Yesterday, Patreon sent out an email about changes it’s making to its pledge system. The membership platform enables fans to become “patrons” and support creators directly by committing to tiers of payment starting from $1. Creators are currently responsible for payment processing fees, which range from 2 percent to 10 percent and come out of their cut of each pledge. However, starting on December 18, those fees will be transferred to patrons instead.
In addition to the transaction fees coming out of pledges, Patreon also takes 5 percent. After factoring in processing fees, creators typically take home 80 percent to 88 percent of each pledge. In the new model, creators receive 95 percent of money pledged, Patreon continues taking 5 percent, and patrons are responsible for paying 2.9 percent plus a $0.35 fee for each pledge they make.
The backlash on social media to this new structure has been swift. Many creators are saying it’s unfair for patrons to have to pay transaction fees. In addition to that, most people support multiple creators and not just one, and they’ll have to pay the extra fee for each pledge they make.
“I understand why [Patreon] would want to make the amount that creators receive more apparent, but the way they’ve went about it feels like they’re going to make more money on the flat fees they’re charging patrons for each transaction than the 5 percent cut they take from creators,” said indie developer George Buckenham in a chat conversation with GamesBeat. “Which feels bad?”
Buckenham, who’s also goes by the moniker v21, is an indie developer. He’s also the lead programmer for Sensible Object’s hybrid digital-tabletop game Beasts of Balance. His Patreon account supports Cheap Bots, Done Quick, a platform that enables folks to quickly create automated Twitterbots without any advanced programming knowledge.
“This especially disincentivizes people pledging single dollars per month to multiple creators, which I assume they factored in and are happy with, in favour of people backing fewer projects for larger amounts of money,” said Buckenham.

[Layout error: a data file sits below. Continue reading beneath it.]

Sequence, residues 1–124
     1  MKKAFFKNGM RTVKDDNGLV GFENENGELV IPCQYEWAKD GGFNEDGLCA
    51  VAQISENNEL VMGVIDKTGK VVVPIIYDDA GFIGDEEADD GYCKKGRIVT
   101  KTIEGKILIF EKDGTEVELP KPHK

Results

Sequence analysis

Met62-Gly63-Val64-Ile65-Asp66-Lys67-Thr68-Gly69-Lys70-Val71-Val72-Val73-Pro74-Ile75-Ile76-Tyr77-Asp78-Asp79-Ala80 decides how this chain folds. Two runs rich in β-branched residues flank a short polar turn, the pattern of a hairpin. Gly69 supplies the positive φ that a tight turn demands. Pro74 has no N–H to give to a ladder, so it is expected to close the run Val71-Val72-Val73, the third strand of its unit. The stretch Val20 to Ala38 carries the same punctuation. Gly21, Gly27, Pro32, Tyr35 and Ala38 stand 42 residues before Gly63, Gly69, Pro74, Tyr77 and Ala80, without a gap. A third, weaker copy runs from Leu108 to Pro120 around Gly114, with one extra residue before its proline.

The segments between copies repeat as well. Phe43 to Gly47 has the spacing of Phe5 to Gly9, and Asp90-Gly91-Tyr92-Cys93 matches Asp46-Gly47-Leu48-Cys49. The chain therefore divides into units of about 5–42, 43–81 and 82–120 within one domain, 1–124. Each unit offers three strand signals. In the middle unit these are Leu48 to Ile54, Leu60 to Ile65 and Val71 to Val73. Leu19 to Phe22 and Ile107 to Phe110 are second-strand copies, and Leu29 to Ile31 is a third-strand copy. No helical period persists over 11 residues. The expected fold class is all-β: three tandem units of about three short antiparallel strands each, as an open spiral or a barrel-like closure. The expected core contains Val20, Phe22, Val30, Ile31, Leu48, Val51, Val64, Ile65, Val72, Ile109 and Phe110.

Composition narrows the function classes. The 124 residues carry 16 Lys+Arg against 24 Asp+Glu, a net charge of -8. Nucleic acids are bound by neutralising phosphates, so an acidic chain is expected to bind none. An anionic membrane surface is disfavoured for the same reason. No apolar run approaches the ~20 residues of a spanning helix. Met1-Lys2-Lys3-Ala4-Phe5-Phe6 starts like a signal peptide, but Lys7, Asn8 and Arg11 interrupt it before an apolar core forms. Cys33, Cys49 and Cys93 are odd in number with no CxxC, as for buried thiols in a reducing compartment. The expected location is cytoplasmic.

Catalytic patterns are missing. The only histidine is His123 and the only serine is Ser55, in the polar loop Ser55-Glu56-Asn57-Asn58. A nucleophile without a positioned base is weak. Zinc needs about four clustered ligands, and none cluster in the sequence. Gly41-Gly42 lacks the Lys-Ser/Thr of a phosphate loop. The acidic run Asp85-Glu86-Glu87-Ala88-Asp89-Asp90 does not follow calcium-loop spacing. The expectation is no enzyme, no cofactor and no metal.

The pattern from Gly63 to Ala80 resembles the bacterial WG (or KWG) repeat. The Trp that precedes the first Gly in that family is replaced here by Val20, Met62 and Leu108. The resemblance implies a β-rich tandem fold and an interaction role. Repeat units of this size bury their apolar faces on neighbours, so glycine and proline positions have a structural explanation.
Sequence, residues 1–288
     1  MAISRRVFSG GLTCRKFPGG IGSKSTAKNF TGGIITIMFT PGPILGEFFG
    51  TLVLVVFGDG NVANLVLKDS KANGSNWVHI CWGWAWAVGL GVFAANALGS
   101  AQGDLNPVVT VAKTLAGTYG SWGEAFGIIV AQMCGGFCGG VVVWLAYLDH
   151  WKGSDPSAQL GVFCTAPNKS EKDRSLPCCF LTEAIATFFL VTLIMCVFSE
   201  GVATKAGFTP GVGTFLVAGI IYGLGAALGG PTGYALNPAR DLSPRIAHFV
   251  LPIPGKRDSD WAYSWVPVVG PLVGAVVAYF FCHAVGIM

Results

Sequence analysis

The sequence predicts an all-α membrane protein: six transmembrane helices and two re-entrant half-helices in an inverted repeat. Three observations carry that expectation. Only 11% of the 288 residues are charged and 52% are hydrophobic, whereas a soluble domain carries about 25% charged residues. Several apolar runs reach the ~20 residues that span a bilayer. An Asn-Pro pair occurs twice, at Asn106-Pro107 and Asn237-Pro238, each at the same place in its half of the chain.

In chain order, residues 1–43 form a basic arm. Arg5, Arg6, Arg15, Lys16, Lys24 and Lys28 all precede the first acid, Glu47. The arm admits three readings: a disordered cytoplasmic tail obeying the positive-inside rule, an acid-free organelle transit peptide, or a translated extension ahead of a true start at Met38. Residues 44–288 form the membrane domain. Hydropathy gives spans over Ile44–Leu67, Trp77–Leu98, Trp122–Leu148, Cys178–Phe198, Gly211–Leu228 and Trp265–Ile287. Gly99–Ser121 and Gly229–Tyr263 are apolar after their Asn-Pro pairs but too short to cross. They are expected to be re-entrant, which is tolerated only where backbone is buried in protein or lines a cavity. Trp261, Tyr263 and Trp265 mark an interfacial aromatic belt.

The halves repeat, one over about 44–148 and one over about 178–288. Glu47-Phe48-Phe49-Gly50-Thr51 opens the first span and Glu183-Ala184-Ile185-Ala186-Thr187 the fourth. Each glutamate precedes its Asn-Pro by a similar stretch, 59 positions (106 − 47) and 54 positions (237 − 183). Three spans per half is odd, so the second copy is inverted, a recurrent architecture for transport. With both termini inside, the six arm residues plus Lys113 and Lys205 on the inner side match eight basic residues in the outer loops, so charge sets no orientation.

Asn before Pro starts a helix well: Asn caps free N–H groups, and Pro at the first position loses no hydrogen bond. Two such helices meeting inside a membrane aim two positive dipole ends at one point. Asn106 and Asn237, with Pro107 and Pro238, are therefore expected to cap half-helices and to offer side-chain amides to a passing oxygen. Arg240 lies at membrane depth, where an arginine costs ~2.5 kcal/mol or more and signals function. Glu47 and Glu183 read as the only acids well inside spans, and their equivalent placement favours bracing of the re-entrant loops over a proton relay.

Though Buckenham hasn’t seen his number of patrons diminish, other creators have posted screenshots of people deleting their pledges. The 2.9 percent and $0.35 fee might not seem like a big deal, but it can add up when multiplied, making the difference between whether someone pledges or doesn’t.
With over $30 in dropped pledges today after the news from @Patreon about fees-per-pledge, I’m not feeling any upside here.
— Cam Banks (@boymonster) December 7, 2017
This Patreon change is complete garbage. @GameHistoryOrg lost 5 today so far, which is huge when you're only in the 200s, and to be honest I'm so furious at what they're doing to my backers that I hope it doubles. pic.twitter.com/gRQ0eW6aS1
— Frank Cifaldi (@frankcifaldi) December 7, 2017
“The $1 tier is not the largest part of my revenue on the service, but also psychologically it feels important?” said Buckenham. “It’s what people back at when they want to support you, but maybe don’t have as much money to spare. So I definitely appreciate those pledges as much as those at a higher amount. That feels like a part of Patreon to me, and I guess a part they want to move away from, or don’t appreciate.”
To offset the cost to patrons, some creators are restructuring their own tiers. One user, Boozy Barrister, posted an explanation of how he’s moving things around so that even with the new processing fees, patrons will still be paying close to their original donations.
“Essentially I took the reward level and futzed around to get the payment, with the 2.9 percent processing fee and the $0.35 service fee, as close to the amount the rewards were previously at,” he writes in a post. “This means your total donation amount shouldn’t change. The $5 tier, for instance, is now $4.51, which when you add in the 2.9 percent processing tack on and the $0.35 service charge patrons are hitting, evens out to a penny under $5.”
However, because pledges have to be $1 at minimum, those who opt for that tier will still end up paying the new fees.